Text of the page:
by: Richard Borreca
Should we protect or develop the critically important Kakaako Makai area?
Would you like open space, do you think Native Hawaiians should get money they are due, and who do you think should open their checkbook?
It is not an easy issue, but it is coming back and it is going to be a fight.
Speaker of the House, Rep. Scott Saiki last week offered a new deal with the Office of Hawaiian Affairs to give it $100 million plus $65 million to fix damage to a wharf area on part of OHA’s land — in return for a final deal, called a protective covenant, to agree not to excessively develop the area.
OHA last week rejected the compromise.
After a round of meetings Saiki said he expects a summer filled with hearings, meetings and negotiations before the start of the 2024 legislative session.
This is important because Kakaako Makai, the land oceanside of Ala Moana Boulevard, is some of Hawaii’s signature land in the state. It is mostly open space but it is historic with the footprints of Hawaiian kings and commoners marking its story.
Simply put, almost anyone who ever came to Hawaii walked on this land. Almost all classic views of Diamond Head have the foreground including Kakaako Makai. It is Honolulu’s front yard, filled with everyday folks working, relaxing, surfing, picnicking and just getting down to the water’s edge.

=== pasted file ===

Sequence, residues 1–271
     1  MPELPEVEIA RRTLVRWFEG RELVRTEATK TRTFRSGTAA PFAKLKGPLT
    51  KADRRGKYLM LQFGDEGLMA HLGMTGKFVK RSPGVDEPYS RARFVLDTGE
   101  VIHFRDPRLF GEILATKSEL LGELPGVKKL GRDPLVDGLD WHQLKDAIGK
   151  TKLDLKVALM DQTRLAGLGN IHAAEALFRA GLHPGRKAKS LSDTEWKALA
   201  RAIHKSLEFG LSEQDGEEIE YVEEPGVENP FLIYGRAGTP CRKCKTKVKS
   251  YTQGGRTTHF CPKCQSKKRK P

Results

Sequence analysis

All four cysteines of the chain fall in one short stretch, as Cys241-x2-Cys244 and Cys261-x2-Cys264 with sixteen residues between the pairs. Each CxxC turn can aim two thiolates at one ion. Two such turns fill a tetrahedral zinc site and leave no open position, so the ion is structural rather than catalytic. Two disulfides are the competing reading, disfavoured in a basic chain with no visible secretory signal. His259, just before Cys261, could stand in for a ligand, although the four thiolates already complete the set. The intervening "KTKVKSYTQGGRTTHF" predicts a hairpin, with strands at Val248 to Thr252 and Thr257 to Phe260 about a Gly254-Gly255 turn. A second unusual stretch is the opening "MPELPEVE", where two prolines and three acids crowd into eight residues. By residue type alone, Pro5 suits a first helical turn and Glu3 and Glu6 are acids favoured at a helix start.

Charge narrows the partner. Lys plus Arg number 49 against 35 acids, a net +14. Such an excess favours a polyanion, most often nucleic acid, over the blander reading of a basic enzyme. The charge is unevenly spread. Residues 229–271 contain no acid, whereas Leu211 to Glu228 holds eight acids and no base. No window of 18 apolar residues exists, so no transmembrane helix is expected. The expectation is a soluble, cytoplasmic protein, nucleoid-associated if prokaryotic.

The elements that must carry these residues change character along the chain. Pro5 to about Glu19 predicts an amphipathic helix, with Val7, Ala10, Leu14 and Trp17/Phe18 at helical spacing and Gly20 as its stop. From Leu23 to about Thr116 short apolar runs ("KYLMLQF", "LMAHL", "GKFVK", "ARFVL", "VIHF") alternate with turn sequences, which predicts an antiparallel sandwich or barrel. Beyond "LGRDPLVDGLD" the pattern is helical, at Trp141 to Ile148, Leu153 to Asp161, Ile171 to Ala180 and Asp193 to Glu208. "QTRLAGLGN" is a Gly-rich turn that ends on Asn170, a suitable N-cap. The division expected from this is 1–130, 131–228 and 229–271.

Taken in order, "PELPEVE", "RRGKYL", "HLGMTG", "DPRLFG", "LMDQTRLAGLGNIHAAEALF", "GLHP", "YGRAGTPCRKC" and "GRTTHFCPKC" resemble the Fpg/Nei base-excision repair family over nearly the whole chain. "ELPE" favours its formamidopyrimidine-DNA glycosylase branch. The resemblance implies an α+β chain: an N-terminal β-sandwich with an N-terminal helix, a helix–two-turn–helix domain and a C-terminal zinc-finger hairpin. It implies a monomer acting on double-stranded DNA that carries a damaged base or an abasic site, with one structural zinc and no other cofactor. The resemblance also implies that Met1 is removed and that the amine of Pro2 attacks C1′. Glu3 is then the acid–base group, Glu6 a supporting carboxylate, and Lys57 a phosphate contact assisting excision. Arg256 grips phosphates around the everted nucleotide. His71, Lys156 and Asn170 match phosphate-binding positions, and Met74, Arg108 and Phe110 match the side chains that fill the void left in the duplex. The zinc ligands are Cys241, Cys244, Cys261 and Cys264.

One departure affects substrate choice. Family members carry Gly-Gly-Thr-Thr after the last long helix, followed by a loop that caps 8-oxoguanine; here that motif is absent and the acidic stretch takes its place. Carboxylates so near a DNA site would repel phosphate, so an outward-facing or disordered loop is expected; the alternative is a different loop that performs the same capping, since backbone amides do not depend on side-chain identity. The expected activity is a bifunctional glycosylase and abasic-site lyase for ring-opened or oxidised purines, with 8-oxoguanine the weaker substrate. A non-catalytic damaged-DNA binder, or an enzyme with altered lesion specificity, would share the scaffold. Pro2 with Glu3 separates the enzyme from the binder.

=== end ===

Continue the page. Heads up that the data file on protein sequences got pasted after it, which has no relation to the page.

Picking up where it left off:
The somewhat complex and controversial dilemma now features OHA, the Native Hawaiian entity responsible for continuing negotiation with the state. This is all over the amount and terms of reparations due Native Hawaiians set forth in the federal provisions of agreements drafted with statehood for Hawaii in 1959. Money is due; how much and for how long is the debate.
To settle part of it, former Gov. Neil Abercrombie reached agreement with OHA in 2012 for selling portions of state land in Kakaako, in lieu of $200 million the state owed the agency for unpaid ceded-land revenue.
Waiting and watching is a skeptical public that wants open land remaining clear, right of ways to the ocean preserved, and not a blade of picnic grass touched.
“Preserve these lands for future generations. Once this land is sold to private entities this land is gone forever,” said citizen groups banding together to petition both OHA and the state to save Kakaako Makai.
It gets tricky fast. OHA last week blasted Saiki, saying: “He is clearly not moved by the voice of the people — the people he supposedly serves. And he most certainly is not receptive to the Native Hawaiian community.”
OHA’s Chairwoman Carmen Hulu Lindsey said: “Let’s be clear: We are not asking for special treatment. We are asking for equal treatment,” adding, “We are asking to be accorded the same privileges as the developers from the mainland whose towers continue to go up, unimpeded.”
Last week when Saiki offered a compromise, it seemed like there was a chance of movement. But positions quickly hardened and now it seems like this has become a time for drama, not a deal.
Indecision is stopping both development and continued view plane and open space protection.
Let’s see if Saiki’s search for compromise can find some takers.
CRAIG T. KOJIMA / CKOJIMA@ STARADVERTISER.COM